11 Jan 2021

11 Jan 2021

Review status: this preprint is currently under review for the journal ESSD.

Changes in global air pollutant emissions during the COVID-19 pandemic: a dataset for atmospheric chemistry modeling

Thierno Doumbia1, Claire Granier1,2, Nellie Elguindi1, Idir Bouarar3, Sabine Darras4, Guy Brasseur3,5, Benjamin Gaubert5, Yiming Liu6, Xiaoqin Shi3, Trissevgeni Stavrakou7, Simone Tilmes5, Forrest Lacey5, Adrien Deroubaix3, and Tao Wang6 Thierno Doumbia et al.
  • 1Laboratoire d'Aérologie, Toulouse, France
  • 2NOAA Chemical Sciences Laboratory and CIRES/University of Colorado, Boulder, CO, USA
  • 3Max-Planck Institute for Meteorology, Hamburg, Germany
  • 4Observatoire Midi-Pyrénées, Toulouse, France
  • 5Atmospheric Chemistry Observations and Modeling, National Center for Atmospheric Research, Boulder, CO, USA
  • 6Department of Civil and Environmental Engineering, The Hong Kong Polytechnic University, Hong Kong, China
  • 7Royal Belgian Royal Institute for Space Aeronomy, Brussels, Belgium

Abstract. In order to fight the spread of the global COVID-19 pandemic, most of the world countries have taken control measures such as lockdowns during a few weeks to a few months. These lockdowns had significant impacts on economic and personal activities in many countries. Several studies using satellite and surface observations have reported important changes in the spatial and temporal distributions of atmospheric pollutants and greenhouse gases. Global and regional chemistry-transport model studies are being performed in order to analyze the impact of these lockdowns on the distribution of atmospheric compounds. These modeling studies aim at evaluating the impact of the regional lockdowns at the global scale. In order to provide input for the global and regional model simulations, a dataset providing adjustment factors (AFs) that can easily be applied to global and regional emission inventories has been developed. This dataset provides, for the January–August 2020 period, gridded AFs at a 0.1 × 0.1 latitude/longitude degree resolution, on a daily or monthly basis for the transportation (road, air and ship traffic), power generation, industry and residential sectors. The quantification of AFs is based on activity data collected from different databases and previously published studies. A range of AFs is provided at each grid point for model sensitivity studies. The emission AFs developed in this study are applied to the CAMS global inventory (CAMS-GLOB-ANT_v4.2_R1.1), and the changes in emissions of the main pollutants are discussed for different regions of the world and the first six months of 2020. Maximum decreases in the emissions are found in February in Eastern China, with an average reduction of 20–30 % in NOx, NMVOCs and SO2 relative to the reference emissions. In the other regions, the maximum changes occur in April, with average reductions of 20–30 % for NOx, NMVOCs and CO in Europe and North America and larger decreases (30–50 %) in South America. In India and African regions, NOx and NMVOCs emissions are reduced by 15–30 %. For the others species, the maximum reductions are generally less than 15 %, except in South America, where large decreases in CO and BC are estimated. As discussed in the paper, reductions vary highly across regions and sectors, due to the differences in the duration of the lockdowns before partial or complete recovery.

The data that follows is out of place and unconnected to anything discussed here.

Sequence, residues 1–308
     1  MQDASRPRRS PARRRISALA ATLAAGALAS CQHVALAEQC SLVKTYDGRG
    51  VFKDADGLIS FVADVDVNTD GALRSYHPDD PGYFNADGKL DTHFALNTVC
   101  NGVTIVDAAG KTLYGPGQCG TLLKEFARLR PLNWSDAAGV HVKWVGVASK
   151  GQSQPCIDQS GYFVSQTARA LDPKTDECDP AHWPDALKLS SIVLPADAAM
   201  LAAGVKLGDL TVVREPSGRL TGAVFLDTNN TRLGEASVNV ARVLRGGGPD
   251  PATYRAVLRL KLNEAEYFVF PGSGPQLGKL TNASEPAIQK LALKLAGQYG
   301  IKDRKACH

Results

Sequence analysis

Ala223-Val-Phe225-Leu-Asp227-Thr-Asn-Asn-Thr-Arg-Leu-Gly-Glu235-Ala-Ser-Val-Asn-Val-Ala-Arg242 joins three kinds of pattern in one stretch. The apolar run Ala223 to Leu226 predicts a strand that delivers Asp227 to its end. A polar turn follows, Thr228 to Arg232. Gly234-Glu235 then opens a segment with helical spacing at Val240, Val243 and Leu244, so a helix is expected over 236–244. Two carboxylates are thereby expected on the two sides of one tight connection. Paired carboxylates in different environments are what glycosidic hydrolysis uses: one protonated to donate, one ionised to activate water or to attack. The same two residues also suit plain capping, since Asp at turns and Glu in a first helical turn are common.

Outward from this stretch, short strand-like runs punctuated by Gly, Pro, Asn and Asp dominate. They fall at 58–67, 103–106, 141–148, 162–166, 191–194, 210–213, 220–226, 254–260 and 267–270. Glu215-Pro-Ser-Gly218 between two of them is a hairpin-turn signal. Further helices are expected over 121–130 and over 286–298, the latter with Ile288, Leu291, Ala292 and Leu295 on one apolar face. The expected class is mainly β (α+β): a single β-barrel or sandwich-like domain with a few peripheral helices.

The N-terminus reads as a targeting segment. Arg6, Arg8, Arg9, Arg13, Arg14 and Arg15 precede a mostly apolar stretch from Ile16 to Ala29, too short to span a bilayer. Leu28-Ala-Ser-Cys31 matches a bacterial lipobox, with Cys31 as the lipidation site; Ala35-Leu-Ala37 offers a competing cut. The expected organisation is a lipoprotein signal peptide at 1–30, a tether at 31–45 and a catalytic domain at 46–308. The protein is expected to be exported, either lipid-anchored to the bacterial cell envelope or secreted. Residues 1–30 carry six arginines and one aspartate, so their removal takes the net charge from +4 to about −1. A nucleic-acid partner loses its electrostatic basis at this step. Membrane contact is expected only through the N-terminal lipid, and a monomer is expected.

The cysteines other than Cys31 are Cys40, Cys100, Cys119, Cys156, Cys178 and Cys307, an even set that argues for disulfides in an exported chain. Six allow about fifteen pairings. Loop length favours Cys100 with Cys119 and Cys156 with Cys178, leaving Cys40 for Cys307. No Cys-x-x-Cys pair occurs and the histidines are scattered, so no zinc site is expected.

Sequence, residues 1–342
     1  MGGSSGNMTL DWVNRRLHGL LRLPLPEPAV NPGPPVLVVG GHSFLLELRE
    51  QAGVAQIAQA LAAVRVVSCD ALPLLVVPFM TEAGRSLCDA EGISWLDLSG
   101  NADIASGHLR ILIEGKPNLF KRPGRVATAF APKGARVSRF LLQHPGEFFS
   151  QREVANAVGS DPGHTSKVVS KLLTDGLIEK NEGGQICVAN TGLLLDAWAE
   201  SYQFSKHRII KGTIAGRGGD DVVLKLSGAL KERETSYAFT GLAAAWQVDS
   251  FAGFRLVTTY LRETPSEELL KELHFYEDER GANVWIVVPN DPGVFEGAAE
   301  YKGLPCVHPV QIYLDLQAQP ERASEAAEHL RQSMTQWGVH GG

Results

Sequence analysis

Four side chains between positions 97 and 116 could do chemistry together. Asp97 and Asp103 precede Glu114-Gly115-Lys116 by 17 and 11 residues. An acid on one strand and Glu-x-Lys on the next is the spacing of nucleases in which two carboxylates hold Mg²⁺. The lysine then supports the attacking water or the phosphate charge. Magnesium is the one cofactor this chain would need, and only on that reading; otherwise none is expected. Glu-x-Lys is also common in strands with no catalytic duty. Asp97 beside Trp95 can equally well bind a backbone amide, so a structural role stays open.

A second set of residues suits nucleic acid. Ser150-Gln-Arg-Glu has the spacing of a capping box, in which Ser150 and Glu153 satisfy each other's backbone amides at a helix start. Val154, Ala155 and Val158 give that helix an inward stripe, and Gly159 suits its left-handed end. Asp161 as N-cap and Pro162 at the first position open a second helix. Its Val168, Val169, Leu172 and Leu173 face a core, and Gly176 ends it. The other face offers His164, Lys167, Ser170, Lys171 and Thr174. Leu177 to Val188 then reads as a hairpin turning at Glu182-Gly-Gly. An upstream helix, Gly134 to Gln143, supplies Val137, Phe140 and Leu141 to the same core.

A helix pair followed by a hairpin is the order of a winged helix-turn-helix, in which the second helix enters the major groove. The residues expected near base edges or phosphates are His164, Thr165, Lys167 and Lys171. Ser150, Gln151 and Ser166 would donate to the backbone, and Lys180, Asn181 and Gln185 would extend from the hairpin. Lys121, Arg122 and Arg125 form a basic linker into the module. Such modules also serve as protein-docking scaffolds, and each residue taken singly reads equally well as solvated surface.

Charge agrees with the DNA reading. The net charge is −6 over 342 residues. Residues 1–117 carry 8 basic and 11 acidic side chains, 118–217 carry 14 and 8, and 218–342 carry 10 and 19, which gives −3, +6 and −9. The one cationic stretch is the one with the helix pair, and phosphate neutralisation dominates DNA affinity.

The dataset providing a range of AFs (average and average ± standard deviation) is called CONFORM (COvid adjustmeNt Factor fOR eMissions) ( It is distributed by the Emissions of atmospheric Compounds and Compilation of Ancillary Data (ECCAD) database (

Thierno Doumbia et al.

Status: open (until 08 Mar 2021)

Comment types: AC – author | RC – referee | CC – community | EC – editor | CEC – chief editor | : Report abuse
  • RC1: 'Comment on essd-2020-348', Yang Song, 11 Jan 2021 reply

Thierno Doumbia et al.

Thierno Doumbia et al.


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